Saturday, September 12, 2009

A busy week kept me from updating

I will post the details of some of the Week's Best after I get the pictures organized.
Dell Inspiron 1525 - Works on AC, Won't charge battery.
Avertec 6400 - Random shutdown
Dell Vostro - Works on AC, Won't charge battery
Gateway M350 - Dead!

Friday, September 4, 2009

TGIF


One of the local stores brought over 3 Dell's. (2) Latitude D600, and an Inspirion 1150 all needing DC jacks. So this was an excellent time to try my new (and previously untried) speedy jack removal method. Thank Goodness it worked, I was able to remove a single jack in 3 min versus the old way that took about 20 min, and a good 6" of solder wick. So 17 min saved x 3 =51 total minutes saved. [image show is Dell Latitude D600 bottom after removal]

Even Techs Have Bad Days

Before attempting to post this morning, my system failed. So not wanting to delay others getting their units repaired I left mine in an unrepaired state until I got home this evening. So items posted later than usual.

Nothing fantastic, just had to clear the CMOS and then make changes to my tweak settings. Like disabling floppy boot, and looking for a floppy. (Does anyone even use floppy disks anymore?) And making sure the buss is running at 125%.

Toshiba A-205 No USB Ports, No Volume









Problem:
Unit arrives with USB1 broken and USB2 not working Also the volume control thumbwheel was rattling around inside the unit.

Solution:
Replace the USB ports, replace the Audio control potentiometer.

Exact Replacement:
Yes, from an existing dead unit

Notices:
This unit has the cheapest USB ports available. By the company saving 13cents, it winds up costing you $$$. There is no front support on the USB ports, so all the insertion and removal force is placed on the back of the connector, first the anchor supports fails, then the upon the next insertion the power and data pins of the USB connector are folded under the connector. This can either short the motherboard, or short the USB chips which the data lines are connected to. You can remove your USB device, but the existing USB connector will remain unconnected from the board, and may cause serious damage to the whole unit. Beware.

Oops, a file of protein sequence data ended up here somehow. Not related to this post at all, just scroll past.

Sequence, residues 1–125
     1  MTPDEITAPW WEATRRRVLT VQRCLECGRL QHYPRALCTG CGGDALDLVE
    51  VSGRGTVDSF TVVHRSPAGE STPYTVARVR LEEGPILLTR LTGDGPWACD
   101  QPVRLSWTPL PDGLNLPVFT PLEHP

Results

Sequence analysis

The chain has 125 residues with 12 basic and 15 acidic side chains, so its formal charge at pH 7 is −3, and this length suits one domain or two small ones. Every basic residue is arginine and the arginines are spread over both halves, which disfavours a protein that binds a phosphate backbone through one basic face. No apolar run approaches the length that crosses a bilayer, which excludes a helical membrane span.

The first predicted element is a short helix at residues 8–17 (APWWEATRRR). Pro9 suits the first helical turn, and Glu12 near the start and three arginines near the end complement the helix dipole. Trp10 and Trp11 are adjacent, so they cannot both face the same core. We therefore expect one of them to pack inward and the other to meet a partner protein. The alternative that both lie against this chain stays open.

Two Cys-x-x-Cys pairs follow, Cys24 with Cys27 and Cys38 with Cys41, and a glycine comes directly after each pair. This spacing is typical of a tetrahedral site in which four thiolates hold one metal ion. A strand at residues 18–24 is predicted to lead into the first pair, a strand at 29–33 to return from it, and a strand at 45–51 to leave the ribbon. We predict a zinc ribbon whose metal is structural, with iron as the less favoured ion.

Thursday, September 3, 2009

Knowing what you have

Here's a suggestion.
Get the detailed information about your PC/Hardware/Software and keep it in a safe place. Then if you need to go to a shop, you will have all your licenses ready. Windows/MS Office, Quicken and all your legit software that was expensive to buy!.
This can be done online at Belarc.com

Why do I say this?
I've noticed since Windows XP is no longer sold on newer computers, the Vista license is nothing more than paper glued to the unit. And is no longer a laminated sticker we've become accustomed to. So the average Vista license sticker lasts about 6 months under casual use, and less for the road warrior making it unreadable. Then that subjects you to the shop's option of possibly of having to buy a new copy of Vista or installing a bootleg copy that won't muster the Authentication agent giving you a pester screen, or limited use/access. Some shops just don't know how to get your licenses, from a dead machine.

Solution
Run Belarc online, print it out and store away. Then, get some Scotch® Brand Invisible Tape and cover your Vista COA license. If not the whole COA, at least cover the serial numbers. Then when you have to wipe or re-install Vista because you forgot to print out your Belarc report you'll be able to read what you covered. Eighty Eight cents saves $88 later
- When I say Scotch Brand I mean Scotch Brand, not the Grocery or Dollar Store version. There are reasons this type is recommended, so you won't have to learn the hard way, thinking 'Oh It's OK''.